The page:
Is Tesco PLC Really Worth 180p?

It’s been an interesting year for investors in Tesco (LSE: TSCO). Its share price has been as high as 251p after the market became rather excited about its turnaround plan, but since their April high they have plummeted to 165p within the last month as investors have gradually realised that it will take years, rather than months, to turn the retail giant around.

Clearly, Tesco is in trouble. It has posted disappointing sales figures for a number of years and, in reality, has never been as successful as a business since Sir Terry Leahy left as CEO in 2011 after a fourteen-year stint which saw Tesco transformed from a discount operator to a mainstream, global success. The problem, though, is that Tesco became bloated and started to enter industries where it was ultimately unsuccessful (such as film streaming and used car sales) which drained capital and led to a lack of focus from its management team.

Now, Tesco is doing the exact opposite of the strategy which it pursued with great success in the last few decades. It is attempting to become smaller via the sale of a number of assets, notably its Korean operations, as it seeks to become leaner, more efficient and more profitable. It is also stocking fewer items and a smaller range of products as it seeks to improve its stock turnover and become more efficient.

Furthermore, costs are being cut (for example staff pay rises have been frozen) and Tesco has cancelled the building and opening of tens of superstores which it had planned. It is even likely to end its 24-hour opening at a number of stores because it simply does not make economic sense to open during the night.

The success of all of these changes is yet to be seen. However, the market, as mentioned, became rather excited about them earlier this year, only for investors to once again become nervous regarding Tesco’s future. The truth is that the things Tesco is doing are likely to help its current predicament, but it also needs help from the economy, too.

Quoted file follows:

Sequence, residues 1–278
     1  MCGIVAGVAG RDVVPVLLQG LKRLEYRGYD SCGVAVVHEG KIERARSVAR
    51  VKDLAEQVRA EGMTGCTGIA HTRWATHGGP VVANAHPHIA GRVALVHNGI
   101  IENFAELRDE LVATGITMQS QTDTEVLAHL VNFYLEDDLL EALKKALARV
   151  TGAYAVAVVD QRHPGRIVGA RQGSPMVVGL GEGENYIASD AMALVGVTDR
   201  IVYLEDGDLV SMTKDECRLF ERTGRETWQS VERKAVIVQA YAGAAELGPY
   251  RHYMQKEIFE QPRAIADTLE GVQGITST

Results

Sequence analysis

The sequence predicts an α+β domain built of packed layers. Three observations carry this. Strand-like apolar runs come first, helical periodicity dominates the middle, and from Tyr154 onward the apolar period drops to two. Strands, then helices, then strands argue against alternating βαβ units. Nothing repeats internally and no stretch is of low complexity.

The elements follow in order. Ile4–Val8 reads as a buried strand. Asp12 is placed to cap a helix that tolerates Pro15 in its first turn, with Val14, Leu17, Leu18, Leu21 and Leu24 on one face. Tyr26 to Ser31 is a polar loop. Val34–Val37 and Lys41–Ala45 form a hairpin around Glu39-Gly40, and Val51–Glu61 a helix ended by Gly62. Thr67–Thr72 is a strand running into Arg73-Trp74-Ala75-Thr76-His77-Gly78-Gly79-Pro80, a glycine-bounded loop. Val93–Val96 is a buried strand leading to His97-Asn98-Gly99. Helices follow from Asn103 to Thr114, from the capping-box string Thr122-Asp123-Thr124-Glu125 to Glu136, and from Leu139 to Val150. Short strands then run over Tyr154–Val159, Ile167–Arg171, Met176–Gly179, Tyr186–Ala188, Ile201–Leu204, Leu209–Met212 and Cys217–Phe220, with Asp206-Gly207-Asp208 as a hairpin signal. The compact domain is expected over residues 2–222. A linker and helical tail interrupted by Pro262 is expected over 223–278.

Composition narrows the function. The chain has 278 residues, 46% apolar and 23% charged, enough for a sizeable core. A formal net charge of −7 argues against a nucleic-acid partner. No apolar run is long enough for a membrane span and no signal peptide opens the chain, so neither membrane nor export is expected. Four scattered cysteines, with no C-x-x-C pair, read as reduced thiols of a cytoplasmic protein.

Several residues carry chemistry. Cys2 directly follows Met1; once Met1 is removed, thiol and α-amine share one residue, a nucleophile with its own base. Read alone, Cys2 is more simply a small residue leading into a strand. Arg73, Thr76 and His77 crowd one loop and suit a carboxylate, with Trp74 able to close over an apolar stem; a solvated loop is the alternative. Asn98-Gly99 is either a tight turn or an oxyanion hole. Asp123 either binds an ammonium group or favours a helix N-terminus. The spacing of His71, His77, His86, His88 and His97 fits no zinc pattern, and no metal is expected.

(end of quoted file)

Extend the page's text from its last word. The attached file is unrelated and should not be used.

In fact, the key reason why Tesco has deteriorated in recent years as a business has been the pressure on its customers’ disposable incomes. Since the credit crunch, family budgets have been squeezed as anaemic wage growth plus relatively high levels of food price inflation have caused the likes of Aldi and Lidl to thrive. Such no-frills operators are easily 20%+ cheaper than Tesco and, as a result, shoppers have made the switch.

As ever, though, things always change. Looking ahead, a reversal is taking place: food prices are coming under pressure due to low oil prices and a weak outlook for the global economy, while wages are rising. This means that shoppers are very likely to shop less at Aldi and Lidl and more at Tesco.

This means that Tesco’s performance, versus very weak comparators from last year, is likely to improve. This could stimulate investor sentiment in the stock and easily push it back up to this year’s high of 250p+. And, with a sound strategy, its financial performance could surprise on the upside, but this is likely to take much longer than a few months to complete.

So, while the market remains nervous of Tesco, its strategy, changes in the economy and a price to earnings growth (PEG) ratio of just 0.7 indicate that it is worth a lot more than its current price of 180p per share.

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Peter Stephens owns shares of Tesco. The Motley Fool UK has no position in any of the shares mentioned. We Fools don't all hold the same opinions, but we all believe that considering a diverse range of insights makes us better investors.